You’ve got to hand it to Gary Stokan. It takes some incredible sales and persuasion skills to get Georgia fans and administrators to even consider giving up a home game to play a regular season neutral site game 90 minutes down the road in Atlanta.
I can understand why schools like Alabama and Virginia Tech might like to play in Atlanta. It’s a beachhead into some very good recruiting turf. It’s also the only neutral site game of the season for those schools, so the impact to the home schedule is more acceptable.
But Georgia? Why would a program give up a game at one of college football’s top 10 venues in order to play just down the road at a smaller stadium with a lesser game day experience? Why would we entertain the thought of playing a game against a quality opponent in our own backyard while limiting the number of fans and season ticket holders who would be able to attend and diluting our home advantage? Why would we tell the Athens economy – heavily dependent on the University and Georgia football – to stuff it while serving to line the pockets of the Atlanta Sports Council and their Atlanta partners?
Recruiting? It’s not as if prospects from the state of Georgia are unaware of the University of Georgia. Clearly any opponent would have more to gain on the recruiting front. Again, it’s an issue of surrendering a big home field advantage. At Sanford Stadium, Georgia could actually host recruits for such a big game and use the occasion as an opportunity to sell the overall program and campus. That’s not possible at the Dome where recruits would have to watch from the stands or at home.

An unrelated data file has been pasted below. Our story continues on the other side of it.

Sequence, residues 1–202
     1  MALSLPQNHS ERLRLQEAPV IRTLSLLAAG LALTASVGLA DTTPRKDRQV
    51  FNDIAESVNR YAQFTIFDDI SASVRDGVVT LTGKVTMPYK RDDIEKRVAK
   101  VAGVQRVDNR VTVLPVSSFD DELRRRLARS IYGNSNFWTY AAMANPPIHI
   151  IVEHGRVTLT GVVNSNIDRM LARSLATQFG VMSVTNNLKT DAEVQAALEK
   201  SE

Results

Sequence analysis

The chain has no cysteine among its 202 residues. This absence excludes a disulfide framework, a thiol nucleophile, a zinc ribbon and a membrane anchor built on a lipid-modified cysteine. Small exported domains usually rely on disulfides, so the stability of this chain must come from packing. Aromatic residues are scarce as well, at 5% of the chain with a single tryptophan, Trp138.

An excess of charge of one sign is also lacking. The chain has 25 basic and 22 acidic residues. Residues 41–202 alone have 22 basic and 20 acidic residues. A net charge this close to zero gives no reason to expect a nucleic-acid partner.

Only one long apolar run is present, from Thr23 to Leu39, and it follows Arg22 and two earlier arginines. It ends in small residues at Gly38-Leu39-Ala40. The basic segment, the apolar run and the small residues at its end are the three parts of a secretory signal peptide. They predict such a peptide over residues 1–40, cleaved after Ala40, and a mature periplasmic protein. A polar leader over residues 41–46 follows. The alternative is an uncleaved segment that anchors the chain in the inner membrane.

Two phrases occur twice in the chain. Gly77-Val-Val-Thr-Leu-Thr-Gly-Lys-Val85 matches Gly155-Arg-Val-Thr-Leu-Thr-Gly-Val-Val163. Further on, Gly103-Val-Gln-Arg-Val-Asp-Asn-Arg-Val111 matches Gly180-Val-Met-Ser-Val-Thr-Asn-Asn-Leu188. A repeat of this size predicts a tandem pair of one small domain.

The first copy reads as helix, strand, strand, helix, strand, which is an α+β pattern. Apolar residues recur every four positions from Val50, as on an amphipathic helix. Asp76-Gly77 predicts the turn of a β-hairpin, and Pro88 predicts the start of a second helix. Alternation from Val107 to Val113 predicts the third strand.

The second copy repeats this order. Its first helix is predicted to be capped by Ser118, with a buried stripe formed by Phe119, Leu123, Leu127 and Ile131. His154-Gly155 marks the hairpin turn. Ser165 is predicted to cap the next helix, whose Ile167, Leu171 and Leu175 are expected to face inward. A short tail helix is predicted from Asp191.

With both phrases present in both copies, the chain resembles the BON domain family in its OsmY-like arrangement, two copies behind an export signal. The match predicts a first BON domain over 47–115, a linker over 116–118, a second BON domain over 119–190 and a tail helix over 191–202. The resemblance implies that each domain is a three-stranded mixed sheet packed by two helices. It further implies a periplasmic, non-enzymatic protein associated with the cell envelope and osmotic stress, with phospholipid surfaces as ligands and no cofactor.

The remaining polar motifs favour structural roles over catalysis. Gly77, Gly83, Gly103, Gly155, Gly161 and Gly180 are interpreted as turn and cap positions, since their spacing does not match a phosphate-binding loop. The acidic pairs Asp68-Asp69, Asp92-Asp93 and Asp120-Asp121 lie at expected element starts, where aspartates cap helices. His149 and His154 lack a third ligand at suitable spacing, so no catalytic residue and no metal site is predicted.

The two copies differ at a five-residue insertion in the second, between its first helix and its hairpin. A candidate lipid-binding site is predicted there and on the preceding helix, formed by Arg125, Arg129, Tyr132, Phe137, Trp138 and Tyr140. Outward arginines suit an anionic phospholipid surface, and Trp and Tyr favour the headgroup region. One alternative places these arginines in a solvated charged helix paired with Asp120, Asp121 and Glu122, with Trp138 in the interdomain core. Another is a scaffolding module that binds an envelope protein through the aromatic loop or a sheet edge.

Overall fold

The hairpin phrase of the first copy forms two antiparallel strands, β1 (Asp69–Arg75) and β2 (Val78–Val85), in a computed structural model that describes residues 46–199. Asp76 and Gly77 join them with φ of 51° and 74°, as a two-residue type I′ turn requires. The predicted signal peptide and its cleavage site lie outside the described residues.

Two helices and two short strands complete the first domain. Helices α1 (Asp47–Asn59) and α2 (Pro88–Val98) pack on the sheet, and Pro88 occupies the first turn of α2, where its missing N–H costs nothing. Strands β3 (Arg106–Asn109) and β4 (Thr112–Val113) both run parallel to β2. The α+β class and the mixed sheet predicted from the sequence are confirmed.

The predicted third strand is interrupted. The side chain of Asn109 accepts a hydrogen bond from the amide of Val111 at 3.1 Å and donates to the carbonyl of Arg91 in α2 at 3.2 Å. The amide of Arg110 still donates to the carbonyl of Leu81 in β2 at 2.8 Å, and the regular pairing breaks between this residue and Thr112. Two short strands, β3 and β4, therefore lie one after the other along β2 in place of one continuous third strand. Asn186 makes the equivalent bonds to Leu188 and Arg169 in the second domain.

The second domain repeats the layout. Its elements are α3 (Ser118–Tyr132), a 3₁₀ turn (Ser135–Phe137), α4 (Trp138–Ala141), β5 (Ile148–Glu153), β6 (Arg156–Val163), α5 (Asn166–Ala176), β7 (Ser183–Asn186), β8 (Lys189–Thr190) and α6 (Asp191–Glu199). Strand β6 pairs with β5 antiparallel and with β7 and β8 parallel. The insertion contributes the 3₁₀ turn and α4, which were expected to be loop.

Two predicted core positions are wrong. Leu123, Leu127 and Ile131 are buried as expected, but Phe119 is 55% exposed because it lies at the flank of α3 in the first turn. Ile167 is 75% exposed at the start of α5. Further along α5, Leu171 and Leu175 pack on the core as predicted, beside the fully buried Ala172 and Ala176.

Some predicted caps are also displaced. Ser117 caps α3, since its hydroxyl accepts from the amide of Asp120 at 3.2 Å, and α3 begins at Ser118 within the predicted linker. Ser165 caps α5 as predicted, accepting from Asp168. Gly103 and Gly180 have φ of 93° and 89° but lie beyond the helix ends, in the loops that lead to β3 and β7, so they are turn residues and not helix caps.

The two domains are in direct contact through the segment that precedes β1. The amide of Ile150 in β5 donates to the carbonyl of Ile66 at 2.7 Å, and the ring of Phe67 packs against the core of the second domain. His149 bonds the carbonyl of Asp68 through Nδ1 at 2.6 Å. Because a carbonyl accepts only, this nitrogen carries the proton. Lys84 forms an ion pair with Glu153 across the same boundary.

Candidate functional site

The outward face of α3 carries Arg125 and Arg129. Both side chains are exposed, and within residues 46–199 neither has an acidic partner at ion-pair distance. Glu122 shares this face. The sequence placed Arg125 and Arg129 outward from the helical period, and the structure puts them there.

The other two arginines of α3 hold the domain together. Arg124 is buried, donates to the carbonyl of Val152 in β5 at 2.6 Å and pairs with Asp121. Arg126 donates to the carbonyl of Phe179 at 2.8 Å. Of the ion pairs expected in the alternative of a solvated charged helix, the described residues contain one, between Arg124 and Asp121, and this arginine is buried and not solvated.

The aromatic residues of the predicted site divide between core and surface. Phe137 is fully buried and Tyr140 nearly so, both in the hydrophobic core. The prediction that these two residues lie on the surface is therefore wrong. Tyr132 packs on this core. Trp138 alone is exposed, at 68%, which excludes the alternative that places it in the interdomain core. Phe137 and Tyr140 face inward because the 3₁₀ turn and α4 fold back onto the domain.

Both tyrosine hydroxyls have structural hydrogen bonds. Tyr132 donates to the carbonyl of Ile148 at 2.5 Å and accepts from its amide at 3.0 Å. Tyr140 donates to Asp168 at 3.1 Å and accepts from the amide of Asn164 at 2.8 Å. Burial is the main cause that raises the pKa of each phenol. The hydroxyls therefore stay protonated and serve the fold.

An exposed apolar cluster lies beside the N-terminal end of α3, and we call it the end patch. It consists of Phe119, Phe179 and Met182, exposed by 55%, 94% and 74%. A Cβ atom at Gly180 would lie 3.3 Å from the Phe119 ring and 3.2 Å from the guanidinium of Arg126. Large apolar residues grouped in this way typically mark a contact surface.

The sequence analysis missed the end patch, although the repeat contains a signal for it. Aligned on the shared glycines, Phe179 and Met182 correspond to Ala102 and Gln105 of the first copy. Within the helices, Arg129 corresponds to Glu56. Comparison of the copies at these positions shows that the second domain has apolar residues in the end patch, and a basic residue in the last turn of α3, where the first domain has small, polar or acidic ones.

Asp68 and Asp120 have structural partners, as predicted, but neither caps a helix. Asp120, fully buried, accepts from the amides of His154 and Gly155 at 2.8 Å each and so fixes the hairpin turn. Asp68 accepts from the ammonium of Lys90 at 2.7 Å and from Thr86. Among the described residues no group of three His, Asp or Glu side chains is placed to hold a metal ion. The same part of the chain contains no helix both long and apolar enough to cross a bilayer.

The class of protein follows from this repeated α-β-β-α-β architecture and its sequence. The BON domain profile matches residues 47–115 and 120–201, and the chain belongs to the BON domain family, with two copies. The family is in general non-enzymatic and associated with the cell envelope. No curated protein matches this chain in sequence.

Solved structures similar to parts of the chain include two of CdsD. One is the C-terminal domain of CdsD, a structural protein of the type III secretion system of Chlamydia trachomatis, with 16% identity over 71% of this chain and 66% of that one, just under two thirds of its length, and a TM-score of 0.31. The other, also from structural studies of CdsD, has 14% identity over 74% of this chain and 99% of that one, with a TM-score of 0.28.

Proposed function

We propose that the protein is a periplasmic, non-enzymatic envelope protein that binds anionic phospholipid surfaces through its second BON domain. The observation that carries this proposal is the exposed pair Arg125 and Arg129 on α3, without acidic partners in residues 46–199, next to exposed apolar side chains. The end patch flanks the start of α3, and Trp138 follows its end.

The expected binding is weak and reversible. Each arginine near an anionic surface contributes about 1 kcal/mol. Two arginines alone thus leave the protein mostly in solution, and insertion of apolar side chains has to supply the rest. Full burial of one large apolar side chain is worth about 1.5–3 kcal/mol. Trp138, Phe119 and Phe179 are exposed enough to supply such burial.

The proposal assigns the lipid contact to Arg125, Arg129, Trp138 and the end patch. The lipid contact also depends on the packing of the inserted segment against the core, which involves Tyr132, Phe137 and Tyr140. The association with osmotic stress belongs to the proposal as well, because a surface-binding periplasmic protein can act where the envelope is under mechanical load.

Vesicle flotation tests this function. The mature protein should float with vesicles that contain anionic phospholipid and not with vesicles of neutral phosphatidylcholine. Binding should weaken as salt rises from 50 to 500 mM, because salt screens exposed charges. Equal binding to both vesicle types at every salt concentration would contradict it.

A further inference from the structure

I also think the exposure angle is overblown. Instead of getting to show off Sanford Stadium and Athens rocking for a big game, we’d be showcasing the Georgia Dome and Atlanta. The same television coverage of a game at the Dome would be there for a quality game in Athens.
This isn’t a strength-of-schedule question. Is it implied that Georgia couldn’t otherwise attract a big opponent to play in Athens? I don’t buy it. If we can find a big opponent, why wouldn’t we want every possible advantage to actually win the game while showing off one of college football’s greatest settings? Yes, a return trip would be in order. That’s how these things work, and, besides – aren’t high-profile road games supposed to be good things for us these days? Playing a tough opener is fine…just do it in Athens. If we’re going to play in the Dome, let it be in December.
I don’t blame Stokan. He’s looking out for his city and the people who pay him. I’m just surprised that Georgia fans and especially those in charge of the program would be so willing to line up to be used.